Mixed-mode systems come in different varieties. One version is where parts of a facility are designed strictly for natural ventilation and others for mechanical cooling with occupancy or access to windows being the differentiating factor. An example of this would be a building with office and conference areas that are mechanically cooled and an adjacent work space that relies on natural ventilation. This approach has worked well in the K-12 educational sector with naturally ventilated classrooms and mechanically cooled office areas that are typically occupied in the hot summer months. Another concept utilizes a changeover sequence where a building relies on natural ventilation when outdoor temperatures are favorable and then switches to mechanical ventilation during extremes in weather. Since occupant expectations weigh heavy on a design engineer’s mind, mixed-mode ventilation can provide peace of mind when planning a natural ventilation project.

When it comes to calculations for natural ventilation, nothing beats the power of computational fluid dynamics (CFD). Although many design firms cannot justify the costs of such software or the expertise to operate it, there are some good guidelines and simple formulae available that can be employed for many cases and applications. The best resource may be the CISBE applications manual, AM10 Natural Ventilation in Non-Domestic Buildings and AM13 Mixed Mode Ventilation.

Control of Natural Ventilation

An important aspect to consider when developing the control strategies for natural ventilation is the differing design parameters between summer and winter operation. Summer airflow requirements will be higher than for winter, dictating less opening area in the building envelope between the extremes of the seasons. Compounding this is the increased stack effect in the winter due to indoor and outdoor temperature differences.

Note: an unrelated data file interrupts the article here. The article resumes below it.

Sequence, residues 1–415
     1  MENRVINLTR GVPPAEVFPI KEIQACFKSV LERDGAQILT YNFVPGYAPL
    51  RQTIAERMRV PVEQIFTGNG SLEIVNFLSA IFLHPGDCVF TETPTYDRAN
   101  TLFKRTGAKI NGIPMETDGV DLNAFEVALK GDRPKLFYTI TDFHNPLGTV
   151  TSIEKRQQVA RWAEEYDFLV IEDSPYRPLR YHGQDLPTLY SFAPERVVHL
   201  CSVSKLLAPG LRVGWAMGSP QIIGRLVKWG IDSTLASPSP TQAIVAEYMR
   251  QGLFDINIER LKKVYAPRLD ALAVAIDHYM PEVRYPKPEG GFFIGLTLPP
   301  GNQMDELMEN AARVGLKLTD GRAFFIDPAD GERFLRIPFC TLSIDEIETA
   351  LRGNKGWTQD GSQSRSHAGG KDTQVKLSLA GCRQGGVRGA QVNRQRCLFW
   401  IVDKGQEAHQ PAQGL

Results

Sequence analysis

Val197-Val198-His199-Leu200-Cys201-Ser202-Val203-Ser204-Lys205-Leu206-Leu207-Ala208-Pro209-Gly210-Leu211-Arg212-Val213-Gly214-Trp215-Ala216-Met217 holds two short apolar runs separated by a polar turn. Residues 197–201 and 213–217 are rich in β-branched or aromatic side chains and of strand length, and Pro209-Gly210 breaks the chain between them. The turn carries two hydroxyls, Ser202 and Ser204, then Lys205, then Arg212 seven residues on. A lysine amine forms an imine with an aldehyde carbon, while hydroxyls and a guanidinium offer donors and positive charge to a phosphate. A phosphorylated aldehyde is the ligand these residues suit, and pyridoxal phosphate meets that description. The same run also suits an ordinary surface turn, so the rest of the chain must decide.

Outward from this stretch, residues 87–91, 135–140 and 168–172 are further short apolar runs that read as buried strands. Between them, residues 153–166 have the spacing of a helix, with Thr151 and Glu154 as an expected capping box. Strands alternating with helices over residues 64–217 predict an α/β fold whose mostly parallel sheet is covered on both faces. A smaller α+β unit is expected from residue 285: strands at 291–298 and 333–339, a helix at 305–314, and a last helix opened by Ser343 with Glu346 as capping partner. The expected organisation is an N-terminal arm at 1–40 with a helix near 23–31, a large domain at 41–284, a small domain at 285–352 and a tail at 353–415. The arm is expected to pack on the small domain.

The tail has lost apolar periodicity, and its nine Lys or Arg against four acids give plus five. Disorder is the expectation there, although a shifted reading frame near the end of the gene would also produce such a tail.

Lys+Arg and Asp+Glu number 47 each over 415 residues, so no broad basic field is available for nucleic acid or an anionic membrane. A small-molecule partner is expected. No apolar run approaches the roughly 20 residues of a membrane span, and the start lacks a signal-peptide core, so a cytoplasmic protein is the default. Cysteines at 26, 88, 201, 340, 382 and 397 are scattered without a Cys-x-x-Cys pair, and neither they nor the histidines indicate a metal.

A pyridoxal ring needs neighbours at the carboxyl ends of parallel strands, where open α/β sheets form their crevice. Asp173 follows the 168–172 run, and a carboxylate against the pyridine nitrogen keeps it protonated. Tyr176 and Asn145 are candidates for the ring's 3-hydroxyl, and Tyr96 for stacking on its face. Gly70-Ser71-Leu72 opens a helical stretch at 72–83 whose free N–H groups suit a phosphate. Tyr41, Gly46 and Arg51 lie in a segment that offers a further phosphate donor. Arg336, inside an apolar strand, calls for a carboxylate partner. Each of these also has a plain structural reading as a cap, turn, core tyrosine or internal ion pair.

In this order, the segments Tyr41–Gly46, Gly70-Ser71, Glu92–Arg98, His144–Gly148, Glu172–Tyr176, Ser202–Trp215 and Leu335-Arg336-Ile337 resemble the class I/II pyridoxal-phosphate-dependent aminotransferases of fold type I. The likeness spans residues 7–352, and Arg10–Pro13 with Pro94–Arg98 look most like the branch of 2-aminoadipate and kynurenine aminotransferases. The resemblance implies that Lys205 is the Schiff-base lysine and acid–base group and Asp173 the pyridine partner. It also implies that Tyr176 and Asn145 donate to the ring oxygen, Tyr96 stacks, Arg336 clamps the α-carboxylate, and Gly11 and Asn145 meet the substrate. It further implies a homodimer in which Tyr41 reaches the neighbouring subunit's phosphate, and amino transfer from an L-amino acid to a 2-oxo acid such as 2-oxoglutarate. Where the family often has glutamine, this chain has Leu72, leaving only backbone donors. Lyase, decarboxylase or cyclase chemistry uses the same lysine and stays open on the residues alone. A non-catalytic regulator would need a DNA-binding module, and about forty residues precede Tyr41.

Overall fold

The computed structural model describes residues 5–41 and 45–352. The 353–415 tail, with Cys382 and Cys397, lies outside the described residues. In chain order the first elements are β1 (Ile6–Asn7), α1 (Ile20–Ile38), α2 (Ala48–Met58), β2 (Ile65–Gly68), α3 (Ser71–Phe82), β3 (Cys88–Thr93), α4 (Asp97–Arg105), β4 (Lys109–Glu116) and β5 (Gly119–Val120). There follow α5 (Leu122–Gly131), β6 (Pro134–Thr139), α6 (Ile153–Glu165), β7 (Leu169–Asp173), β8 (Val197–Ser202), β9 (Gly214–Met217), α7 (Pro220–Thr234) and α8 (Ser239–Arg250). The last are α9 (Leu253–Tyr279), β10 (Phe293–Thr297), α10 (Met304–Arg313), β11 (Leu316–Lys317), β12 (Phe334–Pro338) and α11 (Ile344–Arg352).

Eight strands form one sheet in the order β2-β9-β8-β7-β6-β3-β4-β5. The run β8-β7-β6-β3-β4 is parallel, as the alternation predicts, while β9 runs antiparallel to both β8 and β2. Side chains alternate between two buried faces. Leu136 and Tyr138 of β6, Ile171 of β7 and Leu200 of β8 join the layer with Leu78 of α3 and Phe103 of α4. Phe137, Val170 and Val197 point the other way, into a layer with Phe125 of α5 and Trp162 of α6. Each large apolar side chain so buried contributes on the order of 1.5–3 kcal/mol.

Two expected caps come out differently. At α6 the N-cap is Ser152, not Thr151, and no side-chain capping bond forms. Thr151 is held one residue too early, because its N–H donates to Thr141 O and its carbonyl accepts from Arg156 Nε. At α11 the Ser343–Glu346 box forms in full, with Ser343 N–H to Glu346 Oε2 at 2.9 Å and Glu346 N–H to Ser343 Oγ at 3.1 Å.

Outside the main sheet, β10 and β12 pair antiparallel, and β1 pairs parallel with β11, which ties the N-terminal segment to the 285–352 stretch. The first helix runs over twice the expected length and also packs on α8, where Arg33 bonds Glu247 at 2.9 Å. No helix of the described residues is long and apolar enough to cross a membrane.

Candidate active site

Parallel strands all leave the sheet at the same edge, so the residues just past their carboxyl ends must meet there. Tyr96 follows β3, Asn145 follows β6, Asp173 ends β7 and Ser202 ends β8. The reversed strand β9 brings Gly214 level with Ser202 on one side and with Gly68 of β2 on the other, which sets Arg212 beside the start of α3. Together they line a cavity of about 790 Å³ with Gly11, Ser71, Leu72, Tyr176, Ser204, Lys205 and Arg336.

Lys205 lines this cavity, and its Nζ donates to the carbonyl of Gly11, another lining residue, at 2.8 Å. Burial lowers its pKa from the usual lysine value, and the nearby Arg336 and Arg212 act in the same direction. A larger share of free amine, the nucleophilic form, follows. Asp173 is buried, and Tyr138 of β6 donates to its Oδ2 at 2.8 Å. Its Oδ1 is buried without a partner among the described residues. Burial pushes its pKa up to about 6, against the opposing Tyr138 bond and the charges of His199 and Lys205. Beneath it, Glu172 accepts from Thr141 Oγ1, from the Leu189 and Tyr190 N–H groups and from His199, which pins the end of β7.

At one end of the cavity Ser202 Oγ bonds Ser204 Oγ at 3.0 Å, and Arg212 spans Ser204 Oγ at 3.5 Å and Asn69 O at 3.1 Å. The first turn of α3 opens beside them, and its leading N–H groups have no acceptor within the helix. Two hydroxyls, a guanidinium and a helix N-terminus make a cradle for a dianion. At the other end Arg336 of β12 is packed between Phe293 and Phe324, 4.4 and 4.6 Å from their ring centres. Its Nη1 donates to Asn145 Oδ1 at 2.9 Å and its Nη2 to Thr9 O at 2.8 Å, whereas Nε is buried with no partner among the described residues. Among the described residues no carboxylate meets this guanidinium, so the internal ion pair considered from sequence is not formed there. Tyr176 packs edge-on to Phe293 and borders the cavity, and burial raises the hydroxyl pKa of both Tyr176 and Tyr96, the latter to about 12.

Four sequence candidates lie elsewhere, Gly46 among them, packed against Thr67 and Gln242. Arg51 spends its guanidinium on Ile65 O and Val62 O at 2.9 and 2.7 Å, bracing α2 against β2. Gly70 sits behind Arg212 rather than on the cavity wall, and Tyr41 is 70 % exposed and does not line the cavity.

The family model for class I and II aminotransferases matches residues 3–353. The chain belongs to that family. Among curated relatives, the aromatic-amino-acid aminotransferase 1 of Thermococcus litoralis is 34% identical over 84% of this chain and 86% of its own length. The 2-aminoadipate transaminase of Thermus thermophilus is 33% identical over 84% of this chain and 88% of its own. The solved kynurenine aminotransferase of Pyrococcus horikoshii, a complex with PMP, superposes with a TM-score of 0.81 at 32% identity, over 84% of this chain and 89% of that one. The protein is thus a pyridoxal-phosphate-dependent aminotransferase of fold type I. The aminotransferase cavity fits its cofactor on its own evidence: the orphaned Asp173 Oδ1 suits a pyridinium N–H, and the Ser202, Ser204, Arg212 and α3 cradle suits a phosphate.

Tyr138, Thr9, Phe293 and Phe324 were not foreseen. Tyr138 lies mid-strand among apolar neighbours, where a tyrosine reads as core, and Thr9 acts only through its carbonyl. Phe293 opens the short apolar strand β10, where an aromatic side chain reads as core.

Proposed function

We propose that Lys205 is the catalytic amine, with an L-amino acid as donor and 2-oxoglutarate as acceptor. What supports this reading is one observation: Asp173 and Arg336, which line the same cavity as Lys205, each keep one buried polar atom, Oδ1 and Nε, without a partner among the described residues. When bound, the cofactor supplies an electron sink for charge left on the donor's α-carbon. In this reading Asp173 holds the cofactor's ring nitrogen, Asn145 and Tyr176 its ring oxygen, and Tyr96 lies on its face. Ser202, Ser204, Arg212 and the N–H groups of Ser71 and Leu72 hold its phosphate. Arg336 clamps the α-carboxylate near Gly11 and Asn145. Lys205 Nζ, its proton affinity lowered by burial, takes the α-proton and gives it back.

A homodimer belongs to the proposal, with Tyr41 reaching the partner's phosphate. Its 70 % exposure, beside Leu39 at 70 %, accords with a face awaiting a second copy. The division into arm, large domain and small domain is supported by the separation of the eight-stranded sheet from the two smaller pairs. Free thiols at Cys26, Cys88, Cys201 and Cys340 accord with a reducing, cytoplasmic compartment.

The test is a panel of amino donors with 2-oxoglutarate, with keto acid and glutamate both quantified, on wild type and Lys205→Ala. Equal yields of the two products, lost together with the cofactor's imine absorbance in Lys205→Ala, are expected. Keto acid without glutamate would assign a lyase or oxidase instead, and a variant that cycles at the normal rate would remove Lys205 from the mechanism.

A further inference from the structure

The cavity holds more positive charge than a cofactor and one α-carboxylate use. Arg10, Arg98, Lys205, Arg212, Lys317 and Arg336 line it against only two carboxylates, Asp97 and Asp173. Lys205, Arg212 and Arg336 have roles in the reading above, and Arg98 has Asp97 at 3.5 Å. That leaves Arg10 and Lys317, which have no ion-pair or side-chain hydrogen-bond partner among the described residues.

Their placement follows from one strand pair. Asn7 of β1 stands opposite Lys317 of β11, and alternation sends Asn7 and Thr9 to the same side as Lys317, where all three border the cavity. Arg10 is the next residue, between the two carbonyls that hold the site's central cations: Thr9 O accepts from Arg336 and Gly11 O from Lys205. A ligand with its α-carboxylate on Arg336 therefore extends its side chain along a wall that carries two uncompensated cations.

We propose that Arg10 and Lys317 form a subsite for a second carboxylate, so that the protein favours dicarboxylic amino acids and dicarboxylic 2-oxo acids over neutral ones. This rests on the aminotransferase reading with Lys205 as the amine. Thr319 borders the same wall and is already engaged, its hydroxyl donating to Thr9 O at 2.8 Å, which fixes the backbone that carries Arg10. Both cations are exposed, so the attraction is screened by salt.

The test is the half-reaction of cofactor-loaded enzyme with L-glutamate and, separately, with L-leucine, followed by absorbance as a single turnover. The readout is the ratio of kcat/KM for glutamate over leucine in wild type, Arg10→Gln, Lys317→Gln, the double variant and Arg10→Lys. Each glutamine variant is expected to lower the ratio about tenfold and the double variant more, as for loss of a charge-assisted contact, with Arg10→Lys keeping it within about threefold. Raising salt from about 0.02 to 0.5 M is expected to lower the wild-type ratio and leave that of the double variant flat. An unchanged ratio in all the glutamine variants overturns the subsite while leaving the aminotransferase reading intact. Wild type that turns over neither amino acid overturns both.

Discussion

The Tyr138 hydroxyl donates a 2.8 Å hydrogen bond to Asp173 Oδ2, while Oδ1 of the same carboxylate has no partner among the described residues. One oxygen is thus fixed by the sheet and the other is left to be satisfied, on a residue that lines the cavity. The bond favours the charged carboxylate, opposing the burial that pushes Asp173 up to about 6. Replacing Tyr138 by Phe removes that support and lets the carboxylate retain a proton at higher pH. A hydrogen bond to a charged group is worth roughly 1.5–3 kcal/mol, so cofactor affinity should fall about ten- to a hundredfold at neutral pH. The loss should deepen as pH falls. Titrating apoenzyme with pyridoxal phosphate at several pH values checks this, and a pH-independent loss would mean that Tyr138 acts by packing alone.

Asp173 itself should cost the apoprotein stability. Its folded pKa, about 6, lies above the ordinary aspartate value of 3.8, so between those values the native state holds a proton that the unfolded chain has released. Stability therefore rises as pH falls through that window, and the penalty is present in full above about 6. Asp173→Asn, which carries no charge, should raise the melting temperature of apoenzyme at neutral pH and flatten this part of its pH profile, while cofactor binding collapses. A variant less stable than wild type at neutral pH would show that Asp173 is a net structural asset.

Control for natural ventilation can either be manual, automatic, or a combination of the two. For simple systems such as ones using the single-sided approach, manual control may suffice. Colored indicator lights can be added to alert occupants for times when outdoor temperatures are optimum for opening windows. A good strategy is to automate windows located up high, such as clerestories, and have the lower windows manually controlled. Indicator lights and window automation can be linked to interior temperature sensors and an exterior weather station. Sensors on the façade can also be used to generate inputs to the control system for wind speed and direction.

FIGURE 4. Cross ventilation.

Control for natural ventilation can either be manual, automatic, or a combination of the two. For simple systems such as ones using the single-sided approach, manual control may suffice. Colored indicator lights can be added to alert occupants for times when outdoor temperatures are optimum for opening windows. A good strategy is to automate windows located up high, such as clerestories, and have the lower windows manually controlled. Indicator lights and window automation can be linked to interior temperature sensors and an exterior weather station. Sensors on the façade can also be used to generate inputs to the control system for wind speed and direction.

In addition to controlling openings such as windows and roof vents, roller blinds and other sun-shading devices can be integrated into the overall environmental control system. It is important to consider certain automated control schemes when employing a mixed-mode system, such as turning off cooling systems, or closing cooling coil valves when windows are open or when the dewpoint is elevated.

Commissioning is an essential element to the successful of operation of any building, and it cannot be stressed enough that the introduction of natural ventilation compounds the importance of this process. It is recommended that the commissioning agent be brought on board early in the design process and that the contract be extended into the post-occupancy period so that crucial adjustments and fine-tuning can be made.

Conclusion

It should be noted that at one time, most commercial buildings relied on natural ventilation and were designed with large perimeter zones with access to windows. It was not until the wide spread adoption of mechanical cooling in the 1950s that our building stock became populated with glass facades lacking operable windows. With growing interest in sustainable design, it makes sense to explore less energy-intensive methods of ventilating and cooling our buildings. ES